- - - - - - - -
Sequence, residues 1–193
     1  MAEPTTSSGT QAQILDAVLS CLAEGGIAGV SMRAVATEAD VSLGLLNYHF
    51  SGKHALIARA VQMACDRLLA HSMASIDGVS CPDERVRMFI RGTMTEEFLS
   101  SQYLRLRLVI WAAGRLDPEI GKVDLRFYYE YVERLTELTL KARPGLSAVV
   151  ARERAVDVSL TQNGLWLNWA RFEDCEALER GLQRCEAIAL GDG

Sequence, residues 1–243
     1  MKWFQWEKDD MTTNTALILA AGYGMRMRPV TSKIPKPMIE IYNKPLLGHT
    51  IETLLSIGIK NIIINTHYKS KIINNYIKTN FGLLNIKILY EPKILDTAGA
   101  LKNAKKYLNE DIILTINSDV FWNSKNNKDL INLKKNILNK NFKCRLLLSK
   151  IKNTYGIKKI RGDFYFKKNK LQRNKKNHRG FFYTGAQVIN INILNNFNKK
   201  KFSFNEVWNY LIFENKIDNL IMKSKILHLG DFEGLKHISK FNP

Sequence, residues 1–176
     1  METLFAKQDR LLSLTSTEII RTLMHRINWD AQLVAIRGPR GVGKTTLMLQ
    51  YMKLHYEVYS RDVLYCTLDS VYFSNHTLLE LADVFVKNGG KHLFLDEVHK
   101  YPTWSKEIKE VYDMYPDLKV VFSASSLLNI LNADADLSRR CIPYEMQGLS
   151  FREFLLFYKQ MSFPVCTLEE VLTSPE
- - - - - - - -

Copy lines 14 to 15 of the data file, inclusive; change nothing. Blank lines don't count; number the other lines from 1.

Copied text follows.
    51  YMKLHYEVYS RDVLYCTLDS VYFSNHTLLE LADVFVKNGG KHLFLDEVHK
   101  YPTWSKEIKE VYDMYPDLKV VFSASSLLNI LNADADLSRR CIPYEMQGLS